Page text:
Volume 3, Number 13 - April 8, 2013

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Frank Coto

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What It Takes To Be An Ace

By Frank Coto

Starting Pitcher

Ivan Paleaz


A starting pitcher is unique and poised. Each has his own delivery, style, and approach to being the starting pitcher for his team and control the game from the very first pitch.

The Miami Dade College Sharks have been fortunate this season to showcase Ivan Paleaz, a former participant for the 16 and Under Team USA Championship Team.

In order to be a starting pitcher, one must have endurance to pitch for many innings at a time because baseball is a long game.

When on the mound, Paleaz concentrates only on the batter especially when there is a runner on base, or when something happens out of his control.

"I pitch one hitter at a time, I don't think of anything else but getting that hitter out," Paleaz said.

Paleaz begins preparing himself mentally a day before he is scheduled to pitch, to ensure that he is totally focused.

Pitching is all about mechanics, and Paleaz’s favorite weapon on the mound is an off-speed pitch that will surprise the batter.

"I have a devastating changeup [and] I throw with a side arm submarine release that catches many hitters off guard; it's hard for guys to read it,” Paleaz said.


Alejandro Castro


When the Sharks have a slim lead, and are leading the ninth, they know who to turn to, their closer, Alejandro Castro.

The closer is the pitcher who gets called at the end of a game to secure the win. They come in when the game is close and make sure that the lead is not surrendered.The rest of the pitchers get the team to this point, now the closer’s job is to shut the other team down.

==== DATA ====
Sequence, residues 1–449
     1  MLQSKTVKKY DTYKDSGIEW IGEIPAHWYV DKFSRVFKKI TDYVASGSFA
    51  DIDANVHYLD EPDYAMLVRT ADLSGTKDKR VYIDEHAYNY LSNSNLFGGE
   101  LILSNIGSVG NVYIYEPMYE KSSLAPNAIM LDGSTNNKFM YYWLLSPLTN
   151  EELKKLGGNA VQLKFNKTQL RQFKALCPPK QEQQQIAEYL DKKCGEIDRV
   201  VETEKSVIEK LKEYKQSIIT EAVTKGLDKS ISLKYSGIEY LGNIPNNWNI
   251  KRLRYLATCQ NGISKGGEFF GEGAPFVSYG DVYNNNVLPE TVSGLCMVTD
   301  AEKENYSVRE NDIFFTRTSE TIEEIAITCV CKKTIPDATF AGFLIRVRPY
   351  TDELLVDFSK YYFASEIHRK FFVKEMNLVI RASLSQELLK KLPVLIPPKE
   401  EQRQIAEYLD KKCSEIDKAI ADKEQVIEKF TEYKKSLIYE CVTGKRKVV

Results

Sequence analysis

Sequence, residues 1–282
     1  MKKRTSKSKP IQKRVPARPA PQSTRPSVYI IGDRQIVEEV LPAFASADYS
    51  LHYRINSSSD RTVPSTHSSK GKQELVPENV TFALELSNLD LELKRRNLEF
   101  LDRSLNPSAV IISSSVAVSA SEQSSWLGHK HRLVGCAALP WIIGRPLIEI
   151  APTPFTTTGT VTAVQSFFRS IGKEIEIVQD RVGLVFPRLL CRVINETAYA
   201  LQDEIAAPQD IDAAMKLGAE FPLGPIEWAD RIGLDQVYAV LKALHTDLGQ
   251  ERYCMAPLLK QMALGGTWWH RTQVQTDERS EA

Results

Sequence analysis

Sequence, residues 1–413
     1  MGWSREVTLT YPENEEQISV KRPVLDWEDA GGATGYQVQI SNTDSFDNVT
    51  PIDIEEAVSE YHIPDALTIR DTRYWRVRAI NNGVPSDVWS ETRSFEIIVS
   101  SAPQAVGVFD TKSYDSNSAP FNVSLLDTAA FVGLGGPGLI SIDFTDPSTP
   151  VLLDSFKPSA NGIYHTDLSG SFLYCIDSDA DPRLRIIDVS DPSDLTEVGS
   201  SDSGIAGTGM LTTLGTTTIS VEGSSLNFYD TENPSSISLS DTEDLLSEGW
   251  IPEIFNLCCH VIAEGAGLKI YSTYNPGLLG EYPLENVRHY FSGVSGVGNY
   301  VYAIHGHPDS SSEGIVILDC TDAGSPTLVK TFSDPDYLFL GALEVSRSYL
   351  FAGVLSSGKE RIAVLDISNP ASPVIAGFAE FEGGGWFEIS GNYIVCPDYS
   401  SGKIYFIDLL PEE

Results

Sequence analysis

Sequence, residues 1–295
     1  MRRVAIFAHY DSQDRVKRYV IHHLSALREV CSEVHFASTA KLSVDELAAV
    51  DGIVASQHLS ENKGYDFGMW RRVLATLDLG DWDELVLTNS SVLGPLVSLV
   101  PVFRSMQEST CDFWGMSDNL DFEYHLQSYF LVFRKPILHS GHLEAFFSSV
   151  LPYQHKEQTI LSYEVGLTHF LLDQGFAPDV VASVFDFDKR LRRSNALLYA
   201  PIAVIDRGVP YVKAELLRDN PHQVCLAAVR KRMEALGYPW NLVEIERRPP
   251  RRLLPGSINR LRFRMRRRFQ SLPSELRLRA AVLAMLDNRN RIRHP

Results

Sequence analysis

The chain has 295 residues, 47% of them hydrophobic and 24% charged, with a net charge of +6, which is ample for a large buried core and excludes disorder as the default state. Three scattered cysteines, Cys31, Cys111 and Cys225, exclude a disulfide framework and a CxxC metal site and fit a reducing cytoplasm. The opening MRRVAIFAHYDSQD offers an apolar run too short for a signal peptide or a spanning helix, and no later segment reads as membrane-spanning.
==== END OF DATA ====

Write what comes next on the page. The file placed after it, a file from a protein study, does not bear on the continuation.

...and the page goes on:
There is no room for error for the closing pitcher. If he throws the wrong pitch, it can cost the team the victory.

In order to qualify for a save, the pitcher must come in when either  the pitcher has no more than a three run lead and pitches at least one inning, or the pitcher comes in when the potential tying run is either on base, at bat, or on deck.

"I come in with a different approach than most closers, I am confident that I can close the game,” Castro said. “The defense that plays behind me is great.”

Castro tries to retire the hitter by throwing pitches that the hitter cannot capitalize on. For Castro, that pitch is the seam fastball he learned to throw when he was a young child.

"I dominate my fastball,” Castro said. “It’s a hard pitch I can throw with control and try to get it by hitters.”

While on the mound, Castro is not picky about how he closes games. He will take the outs any way they come.

"I don't try to blow the ball past hitters,” Castro said. “ I just want to get the opposing hitter out."

Castro comes into ball games with a positive perspective, and he doesn't let emotions affect his game.

"Confidence overcomes nerves,” Castro said. “If you know you can then you will accomplish the task at hand."

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Miami Dade College is accredited by the Southern Association of Colleges and Schools Commission on Colleges to award associate and baccalaureate degrees.
Contact the Commission on Colleges at 1866 Southern Lane, Decatur, Georgia 30033-4097 or call 404-679-4500 for questions about the accreditation of Miami Dade College.
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Contact the Office of Director, Equal Opportunity Programs, ADA and Title IX Coordinator, at 305.237.2577 for assistance.